Open source bot orchestration vendor Camunda has rolled out its latest platform update, which includes features designed to centrally wrangle bots from the multitude of vendors currently muscling in on the lucrative market.
But one analyst said while there was a need for new approaches in these areas, solutions are not quite there yet.
Camunda is one of the few open source vendors in the RPA market and counts Deutsche Telekom, Goldman Sachs, and Panasonic among its customers.
Its latest 7.14 release supports industry standards Business Process Model and Notation and Decision Model and Notation for process and decision automation to orchestrate RPA bots. The update also replaces RPA with API integration where it makes sense.
It also promises tools to developer productivity with pre-built connections to popular robot builders including UiPath, the $7bn valued RPA company, catalogues or RPA services, a process design suit and a bot monitoring system.
$75bn reasons why
The RPA market could be worth $75bn by 2025 according to Wikibon, a burgeoning bonanza which has not escaped the attention of software giant Microsoft, which said it will integrate bot building with its low-code development platform, and SAP, which snaffled RPA vendor Contextor in 2018. Meanwhile fellow software monster Oracle plans to see off the threat by building what it calls Intelligent Process Automation into its core products.
They all join a market already populated by Automation Anywhere, Blue Prism and Pega Systems.
With such a proliferation of bot-builders, and enterprise systems being the heterogeneous mess they usually are, the question arises: who is going to get to grips with the sprawling bot population?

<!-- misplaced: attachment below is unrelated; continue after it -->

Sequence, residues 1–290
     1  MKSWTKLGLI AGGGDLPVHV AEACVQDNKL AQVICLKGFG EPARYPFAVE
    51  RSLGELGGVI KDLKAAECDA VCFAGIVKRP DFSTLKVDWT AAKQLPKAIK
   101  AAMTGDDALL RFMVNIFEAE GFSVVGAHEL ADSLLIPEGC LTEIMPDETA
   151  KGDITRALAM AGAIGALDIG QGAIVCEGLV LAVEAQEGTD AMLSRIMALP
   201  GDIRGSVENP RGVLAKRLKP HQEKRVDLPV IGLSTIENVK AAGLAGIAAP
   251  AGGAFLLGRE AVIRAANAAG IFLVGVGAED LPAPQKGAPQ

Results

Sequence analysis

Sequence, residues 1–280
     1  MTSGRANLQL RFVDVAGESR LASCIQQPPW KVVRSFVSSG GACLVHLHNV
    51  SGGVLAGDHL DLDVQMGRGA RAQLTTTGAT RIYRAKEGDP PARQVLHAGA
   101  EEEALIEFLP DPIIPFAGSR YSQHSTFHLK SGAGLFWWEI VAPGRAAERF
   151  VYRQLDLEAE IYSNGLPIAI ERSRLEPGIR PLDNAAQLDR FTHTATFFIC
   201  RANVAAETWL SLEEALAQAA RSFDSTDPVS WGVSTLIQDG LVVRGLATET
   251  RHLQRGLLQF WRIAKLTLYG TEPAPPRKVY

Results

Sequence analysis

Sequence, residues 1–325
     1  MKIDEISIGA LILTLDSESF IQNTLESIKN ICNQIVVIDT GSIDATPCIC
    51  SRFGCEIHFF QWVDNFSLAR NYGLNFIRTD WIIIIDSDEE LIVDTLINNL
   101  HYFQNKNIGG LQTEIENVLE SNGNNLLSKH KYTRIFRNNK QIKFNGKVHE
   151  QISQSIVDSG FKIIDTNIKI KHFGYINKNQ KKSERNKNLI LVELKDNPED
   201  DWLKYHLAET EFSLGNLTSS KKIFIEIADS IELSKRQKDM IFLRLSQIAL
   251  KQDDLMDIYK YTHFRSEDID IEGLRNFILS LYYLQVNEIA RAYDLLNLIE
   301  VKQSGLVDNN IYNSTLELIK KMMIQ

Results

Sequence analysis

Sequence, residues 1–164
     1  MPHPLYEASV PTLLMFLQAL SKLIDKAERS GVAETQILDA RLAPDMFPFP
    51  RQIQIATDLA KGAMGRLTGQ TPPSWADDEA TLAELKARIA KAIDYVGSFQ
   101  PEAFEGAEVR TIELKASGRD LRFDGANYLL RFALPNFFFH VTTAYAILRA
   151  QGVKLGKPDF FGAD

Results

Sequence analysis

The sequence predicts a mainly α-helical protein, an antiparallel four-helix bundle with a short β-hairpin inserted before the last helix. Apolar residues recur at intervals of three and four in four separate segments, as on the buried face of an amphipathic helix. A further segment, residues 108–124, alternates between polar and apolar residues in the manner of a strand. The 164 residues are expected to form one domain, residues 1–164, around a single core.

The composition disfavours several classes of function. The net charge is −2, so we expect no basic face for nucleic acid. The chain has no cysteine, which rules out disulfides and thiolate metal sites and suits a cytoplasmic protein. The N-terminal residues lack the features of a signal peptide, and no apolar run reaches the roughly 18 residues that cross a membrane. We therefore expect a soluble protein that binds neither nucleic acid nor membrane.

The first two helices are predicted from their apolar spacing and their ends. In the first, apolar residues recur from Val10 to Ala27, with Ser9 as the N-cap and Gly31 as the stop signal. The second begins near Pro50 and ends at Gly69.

Speaking to The Register, Camunda CEO and co-founder Jakob Freund said: “We have seen from Camunda customers such as Deutsche Telekom and National Westminster Bank that RPA is a great short-term solution, however it's a highly maintenance-intensive technology. RPA is essentially reading and automating the same user interface that a user would use.”
A front-end UI might be in a spreadsheet, a scanned document or even a CRM or ERP system and any changes to it could break bots. “This makes RPA labour intensive,” he said.
While Camunda solution may be a step in the right direction, the journey to bot nirvana is a long one.
Craig Le Clair, Forrester Research veep, said: “There are many BPM vendors like Camunda that are acquiring or positioning in some way for the RPA or for what we call now Intelligent Automation market."
He said Camunda approach was to see RPA thus far as a simple task automation without stronger rules management. It also usually failed to take account of a broader API and UI integration approach.
The Camunda platform might help in these scenarios but only about 20 per cent of RPA implementations experience these kinds of problems, Le Clair said. "Scaling any new enterprise platform experiences similar problems, but 80 per cent of RPA roll-out receive strong ROI and success.
"Automation orchestration is an emerging issue but our view is broader than managing diverse RPA bots; it's about coordinating various AI building blocks," he said.
At the same time, actual implementation of an RPA management layer was easier said than done.
"You can consolidate the reporting across bots relatively easily, and a handful of vendors can do this today, but robot scheduling and management is specific and proprietary to the individual RPA platform with standardisation, so a true overall management approach is doubtful in the near term," he said.
Meanwhile, as the big software vendors muscle in the market, the incumbent specialists, such as UiPath and Blue Prism, are likely to refocus on bot orchestration at an enterprise level. Camunda might have its work cut out making an impact. ®